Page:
RADIO PAGING TECHNOLOGY
900 MHz FLEX™ Compared To UHF POCSAG
Okamura and others have demonstrated that frequency is a factor in path loss at VHF/UHF. At distances of from 1 km to 10 km or so, the increased path loss at around 930 MHz relative to that at 454 MHz would be between 2-3 dB on average. (See for example: W.C. Jakes, ed., Microwave Mobile Communications (IEEE Press, 1974) pp. 101-102.
of data at the receiver is a strong function of the "contrast
ratio" or the ratio of Signal Energy per Bit to
the Noise Energy per Bit, written
This quick calculation gives POCSAG 1200 about a 10 dB advantage over FLEX 6400.
The basic equation for received signal strength at VHF/UHF is:
That is, received signal strength is proportional to the Power transmitted, the antenna gain at the transmitter, the antenna gain at the receiver, the squared height of the transmit antenna, the squared height of the receive antenna and inversely proportional to the distance between transmit and receive antennas to the 4th power. Assuming all other factors in this equation remained constant, increasing the RSS by 10 dB would be equivalent to multiplying it by a factor of 10. That would yield a relationship like the following:
So, or approximately 2.
That is, the distance at which coverage would might a specified reception criterion would be about doubled for operation with the same infrastructure running POCSAG 1200 versus FLEX 6400.
This measure is quite consistent with the practical reductions in the coverage maps of carriers who have gone from POCSAG to high speed FLEX.
Non-linear factors and Interference Suppression
POCSAG is a binary Frequency Shift Keying (FSK) system. FLEX 6400 is a 4-level FSK system. That is, in POCSAG, to send a binary "0", the carrier frequency is offset to -4800 Hz relative to the carrier center frequency; and to send a binary "1", the carrier frequency is offset to +4800 Hz relative to the carrier center. In FLEX, the set of 4 signaling frequencies is ±4800 Hz and ±1600 Hz. Hence, there is less frequency separation between the distinct symbols in high-speed FLEX (3200 Hz) relative to POCSAG (9600 Hz) by a factor of 3. This parameter is called the modulation index in engineering literature on Frequency Modulation. A larger modulation index corresponds to an improved Signal to Noise Ratio at the receiver. This factor is worth about another 4-5 dB in the path loss budget.
To keep pager receiver designs simple, most device manufacturers construct receivers that map these received signal frequencies onto electrical signal voltage levels. For example, +4800 Hz might map to +1 Volt and -4800 Hz will map to -1 Volt. So POCSAG receiver logic will assume that it has received a binary "1" if it tests the voltage to be greater than 0 Volts, or assume a binary "0" if it test the voltage to be less than 0 Volts. A POCSAG receiver, or any binary receiver for that matter, can achieve this aspect of design quite easily by applying so much gain to the incoming signal that any small value greater than 0 Volts is "driven to the positive rail" while any small value less than 0 Volts is "driven to the negative rail", where the positive and negative "rails" are the highest and lowest available signal voltages in the receiver, usually the power supply or battery levels. This design is often called a "limiter" and it has the advantage of being able to effectively erase noise and interference. This is sometimes called the "capture effect" and for a simple POCSAG receiver, "capture" may occur when the desired signal is as little as 2 dB above an interferer.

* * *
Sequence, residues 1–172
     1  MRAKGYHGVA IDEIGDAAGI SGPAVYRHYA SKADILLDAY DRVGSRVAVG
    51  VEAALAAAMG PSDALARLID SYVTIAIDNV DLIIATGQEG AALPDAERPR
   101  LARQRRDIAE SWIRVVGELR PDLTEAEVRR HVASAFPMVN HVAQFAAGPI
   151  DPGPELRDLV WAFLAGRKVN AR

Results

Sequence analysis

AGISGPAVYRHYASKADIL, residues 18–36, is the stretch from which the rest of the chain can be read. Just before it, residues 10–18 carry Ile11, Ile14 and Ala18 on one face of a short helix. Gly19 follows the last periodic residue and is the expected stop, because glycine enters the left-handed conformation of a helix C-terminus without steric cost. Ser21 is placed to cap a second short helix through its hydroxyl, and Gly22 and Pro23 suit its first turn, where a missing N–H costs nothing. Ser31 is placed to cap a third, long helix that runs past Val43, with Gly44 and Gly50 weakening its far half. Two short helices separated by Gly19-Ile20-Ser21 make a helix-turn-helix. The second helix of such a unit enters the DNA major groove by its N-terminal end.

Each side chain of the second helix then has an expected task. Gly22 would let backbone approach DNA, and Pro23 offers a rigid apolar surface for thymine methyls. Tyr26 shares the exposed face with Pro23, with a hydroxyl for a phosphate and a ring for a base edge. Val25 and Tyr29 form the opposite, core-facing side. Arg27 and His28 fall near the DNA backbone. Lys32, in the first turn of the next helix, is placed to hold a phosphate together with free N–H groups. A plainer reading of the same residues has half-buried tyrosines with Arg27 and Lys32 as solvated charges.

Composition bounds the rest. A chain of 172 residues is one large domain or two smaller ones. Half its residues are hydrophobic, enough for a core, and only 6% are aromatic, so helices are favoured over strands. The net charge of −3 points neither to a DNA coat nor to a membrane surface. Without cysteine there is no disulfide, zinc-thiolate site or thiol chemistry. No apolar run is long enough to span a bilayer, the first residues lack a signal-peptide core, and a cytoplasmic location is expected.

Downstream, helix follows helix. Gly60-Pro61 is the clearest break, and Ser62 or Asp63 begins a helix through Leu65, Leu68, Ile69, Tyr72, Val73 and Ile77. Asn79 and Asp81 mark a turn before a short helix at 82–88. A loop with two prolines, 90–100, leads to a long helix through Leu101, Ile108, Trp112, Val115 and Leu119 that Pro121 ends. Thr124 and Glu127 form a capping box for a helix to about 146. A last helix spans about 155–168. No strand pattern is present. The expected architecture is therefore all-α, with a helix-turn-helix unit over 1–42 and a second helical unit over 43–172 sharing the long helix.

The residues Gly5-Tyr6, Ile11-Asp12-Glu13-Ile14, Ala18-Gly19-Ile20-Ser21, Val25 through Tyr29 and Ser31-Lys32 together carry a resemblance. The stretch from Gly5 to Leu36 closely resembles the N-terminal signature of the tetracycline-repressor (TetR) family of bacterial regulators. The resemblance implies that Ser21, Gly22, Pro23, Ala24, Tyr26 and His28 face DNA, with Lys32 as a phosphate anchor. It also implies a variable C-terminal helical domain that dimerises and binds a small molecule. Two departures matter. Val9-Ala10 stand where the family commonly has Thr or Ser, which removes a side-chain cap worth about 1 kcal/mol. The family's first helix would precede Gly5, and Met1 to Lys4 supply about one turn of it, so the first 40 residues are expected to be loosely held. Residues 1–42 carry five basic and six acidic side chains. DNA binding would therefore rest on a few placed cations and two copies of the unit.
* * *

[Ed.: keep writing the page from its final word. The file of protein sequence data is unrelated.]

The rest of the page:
The internal design of a 4-level FLEX decoder is much more complex, since it must be capable of distinguishing between 4 distinct signal values. For example, if ±4800 Hz map to ±1 Volt, then ±1600 Hz will map to ±0.333 Volt. The design must now support a linear one-to-one relationship between received radio frequency and signal voltage in the detector. Any small noise variations or interference values that appear at the antenna now remain as signal voltage fluctuations in the detector. As a result, high-speed FLEX pagers have a much reduced capture effect relative to interference than do POCSAG pagers.
There are many kinds of interference that can limit proper signal recovery in a pager; we'll limit our attention to two; namely, inter-modulation distortion and simulcast delay spread.